Lives of all saints commemorated on December 8


Venerable Patapius of Thebes

Saint Patapius was born at Thebes into a pious Christian family. Reaching the age of maturity, he scorned the vanities of the world and so went into the Egyptian desert where he became known for his ascetic deeds. Though he wished to dwell in silence, people began to come to him for advice.

He went eventually to Constantinople, where he obtained a cell at the city wall, near the Blachernae church. But here, too, he quickly became known. The sick began to throng about, and he having been vouchsafed the gift of healing, began to help all the needy.

After a life adorned with virtue and miracles, Saint Patapius fell asleep in the Lord and was buried in the church of Saint John the Baptist.


Venerable Cyril, Abbot of Chelma Hill

Saint Cyril of Chelma Hill, Enlightener of the Chudian People, was born in the city of White Lake. He was tonsured at the monastery of Saint Anthony the Roman, where for six years he passed through various obediences. Then, after wandering through the wilderness for three years, he settled in a wild region of Kargopolsk. And here, by a command from on high, he chose Chelma Hill for his constant abode. Many of the afflicted from the Chud people came to see Saint Cyril, whose luminous ascetic life and kindly preaching moved many to accept holy Baptism.

Toward the end of his life, Saint Cyril established a monastery and church in honor of the Theophany of the Lord. The monk dwelt upon Chelma Hill for fifty-two years, and died at the advanced age of 82.


Holy Apostles of the Seventy: Sosthenes, Apollos, Cephas, Tychicus, Epaphroditus, Caesar, and Onesiphorus

Saints Sosthenes, Apollos, Cephas, Tychicus, Epaphroditus, Caesar, Onesiphorus, Apostles of the 70 were chosen and sent by the Lord Jesus Christ Himself to preach. They were chosen some time after the selection of the Twelve Apostles (Luke 10:1-24).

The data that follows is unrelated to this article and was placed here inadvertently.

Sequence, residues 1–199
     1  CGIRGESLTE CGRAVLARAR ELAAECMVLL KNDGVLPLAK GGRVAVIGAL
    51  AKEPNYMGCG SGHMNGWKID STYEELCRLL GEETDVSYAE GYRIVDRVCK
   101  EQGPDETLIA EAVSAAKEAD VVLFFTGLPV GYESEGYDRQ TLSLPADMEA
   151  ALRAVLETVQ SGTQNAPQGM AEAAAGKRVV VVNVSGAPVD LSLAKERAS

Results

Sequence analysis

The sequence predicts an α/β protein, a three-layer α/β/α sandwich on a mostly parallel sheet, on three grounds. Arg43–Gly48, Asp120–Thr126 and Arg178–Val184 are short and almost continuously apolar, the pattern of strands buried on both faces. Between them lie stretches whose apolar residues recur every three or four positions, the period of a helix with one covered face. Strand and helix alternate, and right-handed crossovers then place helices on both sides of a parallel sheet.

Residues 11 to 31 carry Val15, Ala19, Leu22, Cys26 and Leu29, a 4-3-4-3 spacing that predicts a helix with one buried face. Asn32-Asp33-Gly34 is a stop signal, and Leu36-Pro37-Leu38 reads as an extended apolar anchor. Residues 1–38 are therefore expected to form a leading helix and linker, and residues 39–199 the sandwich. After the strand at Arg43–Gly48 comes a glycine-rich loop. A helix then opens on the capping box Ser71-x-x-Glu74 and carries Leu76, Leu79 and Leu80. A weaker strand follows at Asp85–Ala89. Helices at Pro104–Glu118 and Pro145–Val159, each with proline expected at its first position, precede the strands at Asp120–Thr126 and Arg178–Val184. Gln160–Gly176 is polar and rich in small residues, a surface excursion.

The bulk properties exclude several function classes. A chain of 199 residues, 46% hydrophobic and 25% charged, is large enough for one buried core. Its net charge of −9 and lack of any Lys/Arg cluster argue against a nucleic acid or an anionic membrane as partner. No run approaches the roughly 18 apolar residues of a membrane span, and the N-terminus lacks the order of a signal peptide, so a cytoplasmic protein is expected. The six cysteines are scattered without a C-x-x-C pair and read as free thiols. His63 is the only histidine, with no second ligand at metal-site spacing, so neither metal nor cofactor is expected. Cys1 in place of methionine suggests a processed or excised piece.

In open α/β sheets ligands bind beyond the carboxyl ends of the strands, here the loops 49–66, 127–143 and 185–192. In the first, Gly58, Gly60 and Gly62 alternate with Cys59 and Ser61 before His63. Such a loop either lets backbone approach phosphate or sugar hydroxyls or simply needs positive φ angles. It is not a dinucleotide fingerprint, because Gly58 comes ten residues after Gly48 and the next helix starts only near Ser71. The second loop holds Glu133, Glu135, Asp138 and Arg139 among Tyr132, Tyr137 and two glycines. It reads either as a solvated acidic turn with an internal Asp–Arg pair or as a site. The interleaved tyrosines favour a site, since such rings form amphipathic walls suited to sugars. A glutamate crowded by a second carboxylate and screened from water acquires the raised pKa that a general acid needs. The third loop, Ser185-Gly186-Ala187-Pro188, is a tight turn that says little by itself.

Saint Sosthenes, before accepting Christianity, was head of the Jewish synagogue at Corinth. During a riot against the Apostle Paul, he too suffered a beating. He was converted by Paul to faith in Christ and afterwards became bishop at Caesarea.

Saint Apollos (September 10) was a native of Alexandria and was a man of erudition. The chief place of his service was at Corinth. He toiled there for a long time and converted many to Christ. Towards the end of his life he preached on the island of Crete and was Bishop of Caesarea.

Saint Cephas was bishop at Colophon, Pamphylia.

Saint Tychicus, a native of Asia Minor, was a disciple and companion of the holy Apostle Paul. During Saint Paul’s first imprisonment, he delivered the Epistles to the Ephesians and to the Colossians. He replaced Saint Sosthenes on the episcopal throne at Caesarea.

Saint Epaphroditus, one of the Apostle Paul’s closest assistants and companions, was bishop of the Thracian city of Adriaca.

Saint Caesar preached at and was bishop of Dyrrhachium, a district of the Peloponnesos in Greece.

Saint Onesiphorus was bishop at Colophon (Asia Minor), and later at Corinth. He died a martyr in the city of Parium (not far from Ephesus) on the shores of the Hellespont, where he had gone to proclaim Christ among the local pagans.

All of these saints are also commemorated on March 30. The Church also remembers Saint Onesiphorus (September 7) with them.


Martyr Anthusa at Rome

The Holy Martyr Anthusa, the wife of a Roman official, was baptized by Saint Ambrose of Milan (December 7). When the city prefect’s wife Sunilda suggested that Saint Anthusa be baptized by an Arian, she refused. So she was committed to the fire, and received the crown of martyrdom.


362 Martyrs of Africa (62 Clergy and 300 Laypeople)

These faithful servants of Christ suffered martyrdom during the reign of Emperor Zeno (474-491). Guneric, the ruler of the Vandal Kingdom in North Africa, began a savage persecution of the Orthodox, at the instigation of the Arian bishops Cyril and Balinard─ôs.

The faithful had gathered secretly in one of the churches for the Divine Liturgy, when suddenly barbarian soldiers burst into the church. Some of the worshippers fled, but 300 remained voluntarily, and so they were tortured and beheaded. Of the 62 clergy, two were burnt alive, and sixty had their tongues cut out. By the miraculous power of God, they continued to preach and to refute the Arian heresy. Among them were old men, young men, and heads of families, but all of them remained faithful to Christ and His Holy Church. They were beheaded in the year 477.

In Slavic usage, these holy martyrs are commemorated on December 8; while in Greek usage, they are commemorated on December 7.